This line, about the tortured persistence of a certain psychic something, appears to join arms with the inner battles, lives, and farces described in your article. I began to think geographically about this connection. I imagined these inner battles to be indicative of the landscape of the heartland itself, but also full of contradictions which I did not expect. How is it, that in the geographic moment of this country where the landscape finally flattens out and the sky dilates itself endlessly – where clarity of mind might be most possible – that these tortured male figures you highlight become, even to themselves, the most insular, the most impenetrable? I began to make free associations with ideas of depth, folds in the landscape, burial and then I struck upon your connection with the Bridge Club. The two works you showcase appear to be inversions of each other, one, a sentimental void cut out of the earth, the other, a tearing down of an attempt to sculpturally triumph above it. I found that these polarized movements, up and down, (as well as the psychic and man-made structures we have created which echo them) to relate to the emotional trials and passages of all the characters you represent (I even now think of the oil horse, the forever-bowing stalwart of the American west). If these characters are not monumental in their mythos: Hud’s father and President Johnson, then they are utterly and completely hollowed inside: Hud and Travis Henderson. Is it likely then perhaps, that there lies other, more intriguing and provoking connections between the often empty and arid landscape of the American heartland and the characters it has potently produced over the last century, real and imagined? I leave you with another line from the same Springsteen tune,

    “In the wee wee hours your mind gets hazy, radio relay towers lead me to my baby…”

    How else does this landscape, in many ways so visually bereft (and yet just full enough) inundate and co-merge with ourselves? Certainly a worthwhile thought for me especially given its connections to Land Art. More to come. Thank you again.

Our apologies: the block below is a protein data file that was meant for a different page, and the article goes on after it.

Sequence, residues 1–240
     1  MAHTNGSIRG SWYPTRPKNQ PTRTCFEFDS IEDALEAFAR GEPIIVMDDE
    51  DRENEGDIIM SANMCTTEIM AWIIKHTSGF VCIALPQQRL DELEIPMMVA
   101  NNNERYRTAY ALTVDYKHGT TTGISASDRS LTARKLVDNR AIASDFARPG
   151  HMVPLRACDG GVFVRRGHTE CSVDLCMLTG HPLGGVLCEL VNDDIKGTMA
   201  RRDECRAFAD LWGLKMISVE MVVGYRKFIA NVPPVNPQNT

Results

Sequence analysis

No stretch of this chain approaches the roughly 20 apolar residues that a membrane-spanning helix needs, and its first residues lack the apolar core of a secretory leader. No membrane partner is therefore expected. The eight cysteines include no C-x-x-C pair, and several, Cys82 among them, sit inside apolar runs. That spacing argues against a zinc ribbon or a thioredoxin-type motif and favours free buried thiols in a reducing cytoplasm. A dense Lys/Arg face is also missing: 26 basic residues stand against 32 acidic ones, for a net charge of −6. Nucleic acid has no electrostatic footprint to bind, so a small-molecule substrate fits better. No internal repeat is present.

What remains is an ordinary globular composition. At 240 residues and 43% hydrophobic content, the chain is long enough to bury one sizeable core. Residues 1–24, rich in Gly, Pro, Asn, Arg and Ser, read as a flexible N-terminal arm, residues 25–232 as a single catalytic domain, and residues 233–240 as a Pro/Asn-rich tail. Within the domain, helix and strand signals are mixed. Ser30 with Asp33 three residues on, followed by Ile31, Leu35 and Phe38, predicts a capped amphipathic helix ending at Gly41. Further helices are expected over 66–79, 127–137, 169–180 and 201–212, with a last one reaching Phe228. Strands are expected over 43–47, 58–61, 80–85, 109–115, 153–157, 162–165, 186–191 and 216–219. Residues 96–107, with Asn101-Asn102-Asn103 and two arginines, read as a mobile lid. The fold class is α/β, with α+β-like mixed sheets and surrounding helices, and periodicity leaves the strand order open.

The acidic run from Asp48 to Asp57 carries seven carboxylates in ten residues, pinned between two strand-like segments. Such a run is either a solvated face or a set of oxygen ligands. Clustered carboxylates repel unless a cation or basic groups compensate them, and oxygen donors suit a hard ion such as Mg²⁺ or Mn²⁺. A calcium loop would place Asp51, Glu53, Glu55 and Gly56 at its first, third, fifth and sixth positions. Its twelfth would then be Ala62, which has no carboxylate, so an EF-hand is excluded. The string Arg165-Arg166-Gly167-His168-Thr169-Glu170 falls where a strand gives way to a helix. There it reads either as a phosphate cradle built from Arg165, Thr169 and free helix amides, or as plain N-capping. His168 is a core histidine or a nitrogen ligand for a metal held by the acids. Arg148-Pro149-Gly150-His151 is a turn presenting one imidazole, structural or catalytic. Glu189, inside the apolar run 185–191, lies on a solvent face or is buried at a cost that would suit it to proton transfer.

-Alexander Creighton

  • Professor Barlow,

    The ways in which this essay traces a link between the history of American masculinity (or, at least, perceptions of American masculinity) and dreams made me think upon some dream experiences of my own, and what they say about my own perceptions of masculinity. I’ve had a recurring dream, ever since my Father died, in which our final conversation together, from two or three days before he passed, re-plays in a variety of scenarios. What happened in reality is that he told me that he knew he was dying; I already knew this, but hearing him say it made a lot of my latent emotions overflow, and I started openly weeping. Even in his pained state, he knew what to say to make both of us feel better. He asked me to recount my favorite experiences from my life – which really meant, from our life together, as father and son. And as we talked about those experiences, the tears gradually stopped.

    In my dreams, the tears don’t stop – the dreams always start in some mundane (or, alternately, surreal) scenario, in which my Dad tells me he is dying. I become emotional, and as he did in life, he stays strong; but it’s harder to stop crying in the dream. It’s he and me doing something that we enjoyed doing together (fishing, going to the movies, etc.) being corrupted by his impending death – and after he talks about, he transforms into the physically weaker, sicker man I knew at the very end. It’s traumatizing. I wake up crying. And in two years, the dreams haven’t stopped.